The aims of the survey: What topics does the CIS research?
To begin to carry out a survey, it is necessary to define its aims: On which topic or topics do we want to learn the public's attitudes and opinions.
The CIS aims to gain a deeper knowledge of the attitudes and behaviour of Spanish society, and to measure its degree of stability and/or change over time. Since it was founded, it has taken nearly 2,000 surveys on widely ranging topics.
The definition of the universe (population of interest) and sample selection: Who is asked to answer the survey?
The survey universe is the population from which we want to obtain information. The population at whom CIS surveys are generally addressed holds Spanish nationality and is over 18 years of age, but sometimes they are addressed at the entire population residing in Spain (and they therefore include residents from abroad). It also carries out surveys where the universe is the young population (generally defined as that aged between 15 and 29) or some other subgroup of the population.
Given that it is impossible to interview the whole of the population, it is necessary to make a selection, take a sample of people on whom the survey will be taken. The CIS follows the necessary scientific procedures to obtain representative samples. It is crucial that these procedures be observed in order to be able to use the data obtained in the survey to describe and analyse the population from which the sample has been taken, always bearing in mind that there is always a margin of error (the size of which appears on each survey fact sheet).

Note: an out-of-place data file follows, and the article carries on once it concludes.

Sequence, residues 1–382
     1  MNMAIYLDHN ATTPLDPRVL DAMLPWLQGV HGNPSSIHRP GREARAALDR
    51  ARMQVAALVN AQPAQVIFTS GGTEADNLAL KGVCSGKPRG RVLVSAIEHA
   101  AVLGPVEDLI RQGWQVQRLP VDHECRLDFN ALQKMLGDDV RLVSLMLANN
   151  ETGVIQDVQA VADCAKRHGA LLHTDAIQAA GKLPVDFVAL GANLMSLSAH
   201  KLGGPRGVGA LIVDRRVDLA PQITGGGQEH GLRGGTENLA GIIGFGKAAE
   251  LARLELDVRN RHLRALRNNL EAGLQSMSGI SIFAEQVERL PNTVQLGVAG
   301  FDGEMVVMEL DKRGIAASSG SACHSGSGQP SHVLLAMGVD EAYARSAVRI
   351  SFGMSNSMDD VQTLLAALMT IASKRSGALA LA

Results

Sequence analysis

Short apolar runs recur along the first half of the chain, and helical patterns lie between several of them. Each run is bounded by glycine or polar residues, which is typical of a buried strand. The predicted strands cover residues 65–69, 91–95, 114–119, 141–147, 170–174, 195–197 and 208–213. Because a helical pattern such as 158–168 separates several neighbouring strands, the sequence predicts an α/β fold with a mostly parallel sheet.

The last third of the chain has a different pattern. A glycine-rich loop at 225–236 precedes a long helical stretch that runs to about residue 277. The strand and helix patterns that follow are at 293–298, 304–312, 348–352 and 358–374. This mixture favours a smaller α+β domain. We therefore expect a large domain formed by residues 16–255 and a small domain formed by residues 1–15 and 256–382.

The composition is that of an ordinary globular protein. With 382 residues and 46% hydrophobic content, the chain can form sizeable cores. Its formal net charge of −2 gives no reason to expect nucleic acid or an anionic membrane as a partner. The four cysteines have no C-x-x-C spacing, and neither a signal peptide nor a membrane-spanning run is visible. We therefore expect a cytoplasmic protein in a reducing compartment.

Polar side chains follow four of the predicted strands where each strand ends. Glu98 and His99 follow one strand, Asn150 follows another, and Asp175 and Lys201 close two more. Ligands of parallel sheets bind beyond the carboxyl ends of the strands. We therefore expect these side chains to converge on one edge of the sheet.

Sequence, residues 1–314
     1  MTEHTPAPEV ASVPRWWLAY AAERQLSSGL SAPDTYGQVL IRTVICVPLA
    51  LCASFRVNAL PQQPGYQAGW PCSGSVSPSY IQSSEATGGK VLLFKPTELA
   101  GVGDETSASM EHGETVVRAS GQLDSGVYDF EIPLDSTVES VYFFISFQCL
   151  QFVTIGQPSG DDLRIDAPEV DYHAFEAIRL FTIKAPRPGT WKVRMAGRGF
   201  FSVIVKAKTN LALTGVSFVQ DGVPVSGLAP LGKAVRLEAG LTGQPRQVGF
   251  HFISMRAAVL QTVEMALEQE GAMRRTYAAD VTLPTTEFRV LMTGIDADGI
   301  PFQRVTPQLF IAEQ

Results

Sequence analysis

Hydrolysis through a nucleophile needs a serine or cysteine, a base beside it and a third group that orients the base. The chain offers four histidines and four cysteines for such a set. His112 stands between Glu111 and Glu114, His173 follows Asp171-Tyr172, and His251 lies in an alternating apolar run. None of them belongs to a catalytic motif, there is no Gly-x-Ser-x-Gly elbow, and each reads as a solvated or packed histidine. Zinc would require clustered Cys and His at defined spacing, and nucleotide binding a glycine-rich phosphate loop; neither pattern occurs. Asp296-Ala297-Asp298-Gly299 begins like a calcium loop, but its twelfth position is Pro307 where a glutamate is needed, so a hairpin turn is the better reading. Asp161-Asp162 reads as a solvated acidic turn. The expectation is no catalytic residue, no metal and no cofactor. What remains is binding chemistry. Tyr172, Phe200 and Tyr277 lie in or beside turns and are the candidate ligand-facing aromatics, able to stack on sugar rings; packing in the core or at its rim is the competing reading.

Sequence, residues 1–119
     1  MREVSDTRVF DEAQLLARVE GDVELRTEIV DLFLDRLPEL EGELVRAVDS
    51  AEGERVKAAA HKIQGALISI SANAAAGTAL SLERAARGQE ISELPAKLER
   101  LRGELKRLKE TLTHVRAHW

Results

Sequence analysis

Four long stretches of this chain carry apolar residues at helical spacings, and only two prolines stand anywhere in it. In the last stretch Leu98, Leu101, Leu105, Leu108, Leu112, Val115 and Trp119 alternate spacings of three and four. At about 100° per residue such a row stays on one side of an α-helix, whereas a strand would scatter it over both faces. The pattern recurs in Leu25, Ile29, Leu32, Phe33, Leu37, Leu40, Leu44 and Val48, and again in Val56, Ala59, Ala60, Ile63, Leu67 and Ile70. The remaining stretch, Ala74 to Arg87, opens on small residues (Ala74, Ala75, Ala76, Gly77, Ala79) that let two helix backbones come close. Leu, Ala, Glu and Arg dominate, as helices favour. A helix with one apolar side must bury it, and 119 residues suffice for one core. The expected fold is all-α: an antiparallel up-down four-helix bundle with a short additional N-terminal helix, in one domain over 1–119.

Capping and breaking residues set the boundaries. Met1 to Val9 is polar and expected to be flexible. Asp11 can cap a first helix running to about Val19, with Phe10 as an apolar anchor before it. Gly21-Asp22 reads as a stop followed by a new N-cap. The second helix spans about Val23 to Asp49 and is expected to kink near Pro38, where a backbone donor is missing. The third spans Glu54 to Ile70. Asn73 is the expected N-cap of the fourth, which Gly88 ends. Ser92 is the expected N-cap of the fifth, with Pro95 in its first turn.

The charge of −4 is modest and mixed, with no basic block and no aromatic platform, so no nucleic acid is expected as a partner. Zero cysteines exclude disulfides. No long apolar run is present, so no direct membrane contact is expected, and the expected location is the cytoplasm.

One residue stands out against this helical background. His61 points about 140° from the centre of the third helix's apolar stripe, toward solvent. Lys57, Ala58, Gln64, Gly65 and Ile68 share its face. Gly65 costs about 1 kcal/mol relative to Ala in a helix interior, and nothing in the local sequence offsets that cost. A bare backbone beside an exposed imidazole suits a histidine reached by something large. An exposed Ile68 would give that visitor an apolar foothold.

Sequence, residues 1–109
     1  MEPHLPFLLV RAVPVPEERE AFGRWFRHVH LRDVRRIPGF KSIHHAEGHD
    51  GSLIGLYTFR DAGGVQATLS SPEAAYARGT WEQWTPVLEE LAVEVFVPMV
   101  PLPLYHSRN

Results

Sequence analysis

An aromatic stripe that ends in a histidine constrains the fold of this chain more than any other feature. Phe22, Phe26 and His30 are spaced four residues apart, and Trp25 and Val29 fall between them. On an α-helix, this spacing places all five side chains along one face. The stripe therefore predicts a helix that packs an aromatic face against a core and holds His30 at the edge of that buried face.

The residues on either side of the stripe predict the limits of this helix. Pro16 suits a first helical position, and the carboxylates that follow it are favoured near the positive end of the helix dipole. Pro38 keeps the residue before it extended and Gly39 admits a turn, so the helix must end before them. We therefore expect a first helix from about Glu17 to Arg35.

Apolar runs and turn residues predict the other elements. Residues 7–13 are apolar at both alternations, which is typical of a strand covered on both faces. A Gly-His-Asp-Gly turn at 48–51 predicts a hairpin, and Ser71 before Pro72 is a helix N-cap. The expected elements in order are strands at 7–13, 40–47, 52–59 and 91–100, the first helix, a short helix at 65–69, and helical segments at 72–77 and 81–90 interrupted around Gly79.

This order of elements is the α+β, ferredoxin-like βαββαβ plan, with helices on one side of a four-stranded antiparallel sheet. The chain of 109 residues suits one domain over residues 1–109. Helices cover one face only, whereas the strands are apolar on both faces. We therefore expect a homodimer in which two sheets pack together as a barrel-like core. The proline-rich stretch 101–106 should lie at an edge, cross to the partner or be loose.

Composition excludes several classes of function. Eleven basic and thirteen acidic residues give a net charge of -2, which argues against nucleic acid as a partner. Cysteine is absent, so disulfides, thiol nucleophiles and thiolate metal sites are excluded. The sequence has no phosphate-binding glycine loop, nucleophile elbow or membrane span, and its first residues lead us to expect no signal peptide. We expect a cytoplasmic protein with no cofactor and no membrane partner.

Although the size and characteristics of the sample vary according to the aims of the survey, CIS surveys usually take a minimum sample of 2,500 individuals.
The writing of the questionnaire: How are the questions asked?
The questionnaires are made up of a series of questions which enable it to gather the public's opinions on different topics. In the case of the CIS, they are largely of a social and political nature. They furthermore include questions on the characteristics of the persons being interviewed (sex, age, level of qualifications, occupation), given that one of the aims is to learn whether there are differences in the opinions in each of those groups. Survey data files do not hold any information that can identify the people that have taken part in them.
CIS technical staff draw up the questionnaires based on thorough documentation which includes consultation of previous studies performed in the CIS and in other institutions, as well as those designed by international bodies devoted to carrying out surveys.